Behavior

Remarkably Bright (And Physiologically Favored) Creatures

Röckner, J. L., Lopes, V. M., Paula, J. R., Pegado, M. R., Seco, M. C., Diniz, M., Repolho, T., & Rosa, R. (2024). Octopus crawling on land: physiological and biochemical responses of Octopus vulgaris to emersion. Marine Biology, 171(1), 14. https://doi.org/10.1007/s00227-023-04333-x 

 

Common Octopus (Octopus vulgaris). Image Credits: Kevin Bryant via Flickr Creative Commons 

 

If you’ve read Remarkably Bright Creatures by Shelby Van Pelt, you know that the octopus is, as the title indicates, a highly intelligent marine animal that is capable of surviving and functioning outside of water for long periods of time. A study performed in Portugal indicates that this unbelievable quality of octopuses is due to their many physiological adaptations–and that Van Pelt’s novel, despite being fiction, is scientifically plausible. 

While this quality has been observed for hundreds of years, researchers finally set out to understand how such a phenomenon occurs. What biological features allow for the common octopus, Octopus vulgaris, to do what seems impossible?

Remarkably Shallow Habitats

Tidepool. Image Credits: Mookie Forcella via Flickr Creative Commons 

 

Tidepools, unique habitats found in shallow-water tidal areas, only make suitable homes for species that can survive in frequently changing environments. These species need to be able to adapt to varying temperatures, salinity, and even air exposure. Typically, these conditions bring to mind starfish and mussels, but it is evident that larger, faster moving species like octopuses are also capable of surviving in tidepools.

Species that repeatedly transition from breathing water to breathing air are equipped with a mechanism that reduces production of reactive oxygen species (ROS), produced when converting food into energy using oxygen. When overproduced, ROS can damage healthy cells.

While it is unclear if octopuses possess this mechanism, they are known to forage in tidepools and escape aquarium tanks. Previous research shows that octopuses can slow their heart rate and improve their anaerobic (without oxygen) metabolism when oxygen is scarce. However, this study aimed to discover how similar octopus responses are to other intertidal species by simulating low-oxygen conditions and observing how octopuses respond to it. 

Remarkably Detailed Methods

Researchers collected 20 common octopus specimens and placed them each in identical tanks. Light conditions were maintained for 12 hours, followed by 12 hours of darkness. 

After being placed into the tanks, the octopuses were divided into five groups, each treated differently to test different air exposure scenarios:

  1. “Emersion” (treatment): seawater was let out of the tank without letting the octopus escape. The octopus was then exposed to the air for 2:30 minutes. 
  2. “5 min recov” (treatment): “Emersion” treatment performed, and then the tank was filled with water again, followed by a 5 minute recovery period.
  3. “24 h recov” (treatment): similar to “5 min recov”, but followed by a 24 hour recovery period.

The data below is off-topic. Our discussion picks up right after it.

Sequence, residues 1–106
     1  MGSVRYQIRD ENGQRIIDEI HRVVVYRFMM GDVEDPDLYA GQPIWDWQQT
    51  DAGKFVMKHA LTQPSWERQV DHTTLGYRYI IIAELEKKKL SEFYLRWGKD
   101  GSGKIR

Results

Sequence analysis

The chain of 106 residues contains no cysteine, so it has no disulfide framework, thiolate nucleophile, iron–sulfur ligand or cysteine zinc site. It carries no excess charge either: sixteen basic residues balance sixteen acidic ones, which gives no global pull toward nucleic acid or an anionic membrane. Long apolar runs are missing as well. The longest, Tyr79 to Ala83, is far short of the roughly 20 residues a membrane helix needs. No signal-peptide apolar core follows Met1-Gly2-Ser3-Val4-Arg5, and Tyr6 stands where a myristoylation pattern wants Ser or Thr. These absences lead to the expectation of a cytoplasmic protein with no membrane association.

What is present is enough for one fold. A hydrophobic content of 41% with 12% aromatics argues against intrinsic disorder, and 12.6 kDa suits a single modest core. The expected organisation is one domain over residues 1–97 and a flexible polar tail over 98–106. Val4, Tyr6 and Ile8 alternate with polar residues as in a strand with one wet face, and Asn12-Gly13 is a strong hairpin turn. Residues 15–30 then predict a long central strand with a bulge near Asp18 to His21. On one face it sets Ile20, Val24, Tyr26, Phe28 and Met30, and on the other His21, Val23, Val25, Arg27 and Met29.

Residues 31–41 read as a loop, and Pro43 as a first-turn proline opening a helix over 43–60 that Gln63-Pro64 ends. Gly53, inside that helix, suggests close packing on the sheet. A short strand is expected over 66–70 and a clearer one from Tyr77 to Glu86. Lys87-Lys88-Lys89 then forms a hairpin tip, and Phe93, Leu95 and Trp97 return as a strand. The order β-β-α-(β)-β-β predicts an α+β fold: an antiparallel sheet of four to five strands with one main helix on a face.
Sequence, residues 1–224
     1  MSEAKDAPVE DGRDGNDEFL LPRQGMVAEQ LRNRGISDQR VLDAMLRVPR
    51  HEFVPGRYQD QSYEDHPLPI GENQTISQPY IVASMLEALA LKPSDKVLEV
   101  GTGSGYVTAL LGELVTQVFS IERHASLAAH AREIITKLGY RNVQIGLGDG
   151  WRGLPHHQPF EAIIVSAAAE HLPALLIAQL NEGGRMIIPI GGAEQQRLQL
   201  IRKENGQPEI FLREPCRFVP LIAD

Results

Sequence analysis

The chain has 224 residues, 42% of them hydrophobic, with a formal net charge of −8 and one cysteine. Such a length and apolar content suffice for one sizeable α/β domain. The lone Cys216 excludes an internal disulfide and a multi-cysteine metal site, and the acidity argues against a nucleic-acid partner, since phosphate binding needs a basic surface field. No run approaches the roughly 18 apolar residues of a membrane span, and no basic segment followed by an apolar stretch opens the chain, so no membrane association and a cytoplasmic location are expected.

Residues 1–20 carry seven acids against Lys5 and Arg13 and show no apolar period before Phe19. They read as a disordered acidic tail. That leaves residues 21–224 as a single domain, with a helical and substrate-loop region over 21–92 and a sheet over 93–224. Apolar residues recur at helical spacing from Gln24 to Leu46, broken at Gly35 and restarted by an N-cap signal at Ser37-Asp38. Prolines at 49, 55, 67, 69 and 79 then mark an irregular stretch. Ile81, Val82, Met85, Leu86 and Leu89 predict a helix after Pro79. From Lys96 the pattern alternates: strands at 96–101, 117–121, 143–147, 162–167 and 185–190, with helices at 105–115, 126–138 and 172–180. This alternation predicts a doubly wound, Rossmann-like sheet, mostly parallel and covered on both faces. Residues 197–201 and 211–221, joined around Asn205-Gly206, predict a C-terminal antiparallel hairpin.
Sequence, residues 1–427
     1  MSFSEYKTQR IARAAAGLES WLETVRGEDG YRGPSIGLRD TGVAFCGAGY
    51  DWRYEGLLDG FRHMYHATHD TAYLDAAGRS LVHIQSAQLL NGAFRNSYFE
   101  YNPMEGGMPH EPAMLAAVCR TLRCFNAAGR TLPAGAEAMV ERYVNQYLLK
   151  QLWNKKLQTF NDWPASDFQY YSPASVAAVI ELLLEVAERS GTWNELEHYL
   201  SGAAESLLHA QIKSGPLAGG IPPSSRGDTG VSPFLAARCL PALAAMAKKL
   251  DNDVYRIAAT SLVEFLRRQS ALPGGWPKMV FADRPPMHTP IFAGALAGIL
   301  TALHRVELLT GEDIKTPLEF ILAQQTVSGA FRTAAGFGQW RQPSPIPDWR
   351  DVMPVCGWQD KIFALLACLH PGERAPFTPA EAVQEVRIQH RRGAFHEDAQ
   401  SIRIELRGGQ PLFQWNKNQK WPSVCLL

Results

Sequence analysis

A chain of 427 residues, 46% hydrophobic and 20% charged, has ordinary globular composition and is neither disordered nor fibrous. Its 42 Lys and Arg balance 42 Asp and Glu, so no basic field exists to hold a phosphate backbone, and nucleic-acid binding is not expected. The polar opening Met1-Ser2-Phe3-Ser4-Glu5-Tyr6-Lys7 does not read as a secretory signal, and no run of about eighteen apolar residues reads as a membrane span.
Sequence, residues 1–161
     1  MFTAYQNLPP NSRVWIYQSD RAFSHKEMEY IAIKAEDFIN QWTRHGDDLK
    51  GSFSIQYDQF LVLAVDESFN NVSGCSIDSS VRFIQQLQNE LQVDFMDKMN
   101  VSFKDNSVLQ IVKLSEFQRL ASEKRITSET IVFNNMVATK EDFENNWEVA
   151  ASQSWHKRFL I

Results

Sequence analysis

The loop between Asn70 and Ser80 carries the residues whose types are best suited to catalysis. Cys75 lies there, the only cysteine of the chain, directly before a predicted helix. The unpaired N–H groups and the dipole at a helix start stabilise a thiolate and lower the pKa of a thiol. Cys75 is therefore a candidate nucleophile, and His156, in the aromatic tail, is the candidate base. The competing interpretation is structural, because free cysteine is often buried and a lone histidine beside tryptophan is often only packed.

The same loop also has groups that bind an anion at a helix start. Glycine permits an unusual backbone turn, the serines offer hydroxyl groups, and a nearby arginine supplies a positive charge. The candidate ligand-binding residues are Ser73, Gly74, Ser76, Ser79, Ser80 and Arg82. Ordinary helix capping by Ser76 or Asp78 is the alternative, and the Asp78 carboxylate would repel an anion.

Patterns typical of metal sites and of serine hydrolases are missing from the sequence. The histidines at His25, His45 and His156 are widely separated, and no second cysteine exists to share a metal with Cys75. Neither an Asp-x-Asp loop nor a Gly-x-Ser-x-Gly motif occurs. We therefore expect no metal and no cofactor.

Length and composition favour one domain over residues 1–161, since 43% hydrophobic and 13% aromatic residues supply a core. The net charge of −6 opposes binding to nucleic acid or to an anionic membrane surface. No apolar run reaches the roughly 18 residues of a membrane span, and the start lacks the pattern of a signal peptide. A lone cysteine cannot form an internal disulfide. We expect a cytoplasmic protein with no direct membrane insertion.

4.  “Chase control” (control): following 24 hour monitoring of standard metabolic rates (SMR), the octopus was put into a new tank and chased by human hands for five minutes, then it was moved to a new tank, where its oxygen consumption was monitored for 24 hours.
  5. “Immersion” (control): the octopuses’ SMR was monitored for 24 hours.

Researchers collected oxygen consumption rates (OCR) to measure aerobic metabolism. 

Remarkably Surprising Results

The “5 min recov” group showed similar maximum metabolic rates to the “chase control” group, indicating that air exposure was a stressor for the octopuses of similar intensity to being chased by a predator. Both conditions led to increased oxygen consumption, but in the “5 min recov” group, the octopus was able to quickly return to normal oxygen consumption, similar to a human breathing heavily for a brief time after running a race. 

Unlike other intertidal animals, the octopuses in this study did not increase antioxidant activity in response to oxygen stress. Interestingly, this suggests that the 2:30 mins out of water was not a long enough time that the octopuses would need to change their metabolic process; they are therefore capable of being out of the water for a lot longer than that before needing to compensate. 

A Remarkably Relevant Study

The results of this study revealed that octopuses use a long list of unique physiological adaptations to anaerobic conditions. 

For one, they can produce glucose without using oxygen. They can also redirect their blood flow to more essential organs to conserve oxygen and reduce protein synthesis in anticipation of anaerobic conditions, as shown in the “5 min recov” group. 

Two minutes and 30 seconds was not enough time to cause significant stress to the octopuses. It is likely, then, that an octopus that forages in tidepools, walks on land, or escapes his aquarium tank to befriend the friendly old woman (as in Remarkably Bright Creatures) is actually doing it a lot more often, and for a lot longer, than humans know. 

This fascinating study has both positive and negative implications for humans. First, with octopuses having this ability to adapt, their chances of survival as ocean conditions evolve due to climate change is high. However, with octopuses coming onto land more, humans need to be more vigilant about how their actions might impact marine life–not only should we continue to prevent ocean pollution, we should also be extra careful about impacting the coasts. You never know who might come crawling out of the ocean to explore.

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